Note: I’m about to get personal here. For anyone who may be uncomfortable with this level of disclosure, consider yourself warned.
Twitter has been abuzz lately from Rebecca’s review of Flow by Elissa Stein and Susan Kim. Yes, she *may* be having a giveaway for a copy of this book, but I have been thinking about sharing my story for a while now because of the fact that no one really talks about it. Considering that is exactly what Rebecca discusses, the timing is perfect.
See, I love being a woman. I love the shoes. I love wearing dresses. I love wearing jewelry and perfume. I love the fact that having larger breasts makes us special (because there is all sorts of irony there). I love the fact that we can grow life inside of us, the beauty and unconditional love that arises from the knowledge that my body nurtured that helpless infant. It is uniquely female, and I revel in every bit of it.
I even love getting my period. There. I said it. I do love it because it means that I am not pregnant (I had my two. I am satisfied.). It means that I am healthy. It also means that I can finally go back to being human again. You see, I have premenstrual dysphoric disorder (PMDD).
For one to two weeks out of every month, I don’t just have PMS. I become a barely-functioning member of society. I get tension headaches and become anxious. All of my old doubts and self-loathing come to the fore. I eat…constantly; sun-up to sun-down, I am eating something or listening to my stomach growl because I haven’t eaten in an hour. I become so depressed I can barely function. During these weeks, I want to either hide in my room/bed and never come out, or I dream about getting so ill that I have to go to the hospital to hide from society. I become so tired that I can barely keep my eyes open during the day. Yet, I also struggle with insomnia and find myself awake at odd hours, desperately wishing I could go back to sleep. I cannot concentrate on anything and find myself wandering during the day, trying to find something that will keep my interest/focus for longer than five minutes. I withdraw completely and utterly from my friends because I honestly cannot control my reactions to their words or actions. I alternate from being utterly depressed to so angry I cannot contain myself. When I started having fantasies about wanting to kill my husband for his failure to change the channel when I asked him to do so, I realized that this is probably not normal behavior. (Truly, I did not want to test out my theory that “the hormones made me do it” is not an adequate defense.)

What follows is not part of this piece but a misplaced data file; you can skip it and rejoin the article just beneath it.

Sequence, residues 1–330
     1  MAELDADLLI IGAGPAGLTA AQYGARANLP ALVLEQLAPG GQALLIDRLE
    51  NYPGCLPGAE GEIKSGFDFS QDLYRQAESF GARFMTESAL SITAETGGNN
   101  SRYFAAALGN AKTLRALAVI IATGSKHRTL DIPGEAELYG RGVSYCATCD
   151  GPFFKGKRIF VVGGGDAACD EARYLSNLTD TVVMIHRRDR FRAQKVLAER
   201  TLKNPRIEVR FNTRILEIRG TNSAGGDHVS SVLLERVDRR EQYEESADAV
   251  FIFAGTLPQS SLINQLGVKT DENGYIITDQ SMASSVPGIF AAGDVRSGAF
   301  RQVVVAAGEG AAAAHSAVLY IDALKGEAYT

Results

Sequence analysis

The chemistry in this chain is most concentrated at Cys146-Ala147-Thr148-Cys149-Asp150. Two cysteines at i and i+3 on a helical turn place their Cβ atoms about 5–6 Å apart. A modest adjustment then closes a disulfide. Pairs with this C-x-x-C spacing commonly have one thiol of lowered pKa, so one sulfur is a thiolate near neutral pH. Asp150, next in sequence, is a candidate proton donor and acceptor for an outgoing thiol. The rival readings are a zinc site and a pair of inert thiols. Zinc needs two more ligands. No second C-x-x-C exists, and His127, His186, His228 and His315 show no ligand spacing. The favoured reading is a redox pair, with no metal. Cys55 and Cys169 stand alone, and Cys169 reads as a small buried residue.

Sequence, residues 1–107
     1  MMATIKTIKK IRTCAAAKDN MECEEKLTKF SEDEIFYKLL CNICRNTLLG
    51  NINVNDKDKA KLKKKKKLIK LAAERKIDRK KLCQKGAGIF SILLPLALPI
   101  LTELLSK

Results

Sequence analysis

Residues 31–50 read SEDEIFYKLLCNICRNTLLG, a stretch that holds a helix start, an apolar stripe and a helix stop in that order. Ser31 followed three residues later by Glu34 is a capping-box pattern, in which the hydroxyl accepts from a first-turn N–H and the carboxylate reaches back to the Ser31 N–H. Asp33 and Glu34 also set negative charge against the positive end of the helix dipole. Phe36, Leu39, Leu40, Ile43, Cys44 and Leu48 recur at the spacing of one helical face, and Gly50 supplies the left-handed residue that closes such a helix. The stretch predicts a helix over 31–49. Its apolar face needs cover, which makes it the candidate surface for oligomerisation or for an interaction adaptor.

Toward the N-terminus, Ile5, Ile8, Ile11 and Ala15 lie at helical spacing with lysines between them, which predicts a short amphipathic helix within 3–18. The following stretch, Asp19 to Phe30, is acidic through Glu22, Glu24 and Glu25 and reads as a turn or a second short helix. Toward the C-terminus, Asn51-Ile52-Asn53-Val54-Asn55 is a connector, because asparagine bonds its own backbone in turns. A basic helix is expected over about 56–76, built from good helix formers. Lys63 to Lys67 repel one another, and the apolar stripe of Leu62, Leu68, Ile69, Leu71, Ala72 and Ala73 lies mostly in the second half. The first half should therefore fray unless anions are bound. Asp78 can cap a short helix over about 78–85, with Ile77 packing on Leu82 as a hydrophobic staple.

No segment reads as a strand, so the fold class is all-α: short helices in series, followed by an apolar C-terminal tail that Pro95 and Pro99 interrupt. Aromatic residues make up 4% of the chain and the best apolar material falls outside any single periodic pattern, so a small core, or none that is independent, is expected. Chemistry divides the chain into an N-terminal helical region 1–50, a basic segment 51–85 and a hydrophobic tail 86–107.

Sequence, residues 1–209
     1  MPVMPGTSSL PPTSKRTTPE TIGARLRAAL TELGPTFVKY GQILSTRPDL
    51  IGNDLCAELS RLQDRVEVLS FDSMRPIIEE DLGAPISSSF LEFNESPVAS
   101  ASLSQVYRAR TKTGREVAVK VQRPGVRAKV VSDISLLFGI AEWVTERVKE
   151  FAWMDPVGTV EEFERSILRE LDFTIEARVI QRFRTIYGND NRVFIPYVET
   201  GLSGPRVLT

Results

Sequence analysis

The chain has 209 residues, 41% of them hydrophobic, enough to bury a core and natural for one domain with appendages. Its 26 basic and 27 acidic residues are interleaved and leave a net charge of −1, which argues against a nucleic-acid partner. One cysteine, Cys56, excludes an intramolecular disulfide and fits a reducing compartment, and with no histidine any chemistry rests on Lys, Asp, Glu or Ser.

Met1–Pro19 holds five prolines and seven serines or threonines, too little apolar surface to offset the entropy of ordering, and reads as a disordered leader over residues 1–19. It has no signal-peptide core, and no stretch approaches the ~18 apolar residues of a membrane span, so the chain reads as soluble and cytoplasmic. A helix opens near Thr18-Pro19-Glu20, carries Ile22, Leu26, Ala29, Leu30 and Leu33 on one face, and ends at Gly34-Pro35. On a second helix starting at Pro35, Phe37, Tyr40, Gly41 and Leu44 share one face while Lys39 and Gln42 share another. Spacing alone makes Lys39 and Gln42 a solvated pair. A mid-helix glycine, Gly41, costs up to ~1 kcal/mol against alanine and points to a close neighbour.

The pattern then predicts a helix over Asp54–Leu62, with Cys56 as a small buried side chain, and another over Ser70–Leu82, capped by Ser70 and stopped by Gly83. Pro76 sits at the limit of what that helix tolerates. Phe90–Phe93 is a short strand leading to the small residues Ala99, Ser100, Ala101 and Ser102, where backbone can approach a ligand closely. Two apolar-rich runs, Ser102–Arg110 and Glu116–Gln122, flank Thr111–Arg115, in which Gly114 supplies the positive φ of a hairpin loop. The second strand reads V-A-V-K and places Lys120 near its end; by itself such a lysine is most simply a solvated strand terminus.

I have suspected something was out of the ordinary a while ago. My body and I have had this love-hate relationship going when it comes to hormones. I blame my body on many of my childhood woes, since I started developing in fourth grade and got my first period by the age of nine (before The Talk). In high school, I would get such severe cramps that I would invariably have to miss school. There have been hints and signs that something was amiss with my hormone balance over the years. It wasn’t until the last year where I finally realized what type of damage I am doing to my family and my friends each month.
There is help available. My doctor actually has me on a low-dose anti-depressant. It is not a cure-all, and some months are much better than others. It will be something with which I struggle each and every month until I finally reach menopause. I write this because I always assumed that this was normal, that all women experienced something similar each month. It turns out that not every woman wants to kill their spouse each month. (Go figure.) For those of us who do experience this roller coaster of hormonal imbalance each month, it deserves to be discussed, so that others can seek the help they may need to prevent being a woman from affecting their daily lives and their relationships each month.
Yes. I still love being a woman, even with having to deal with PMDD. I am woman, hear me roar.
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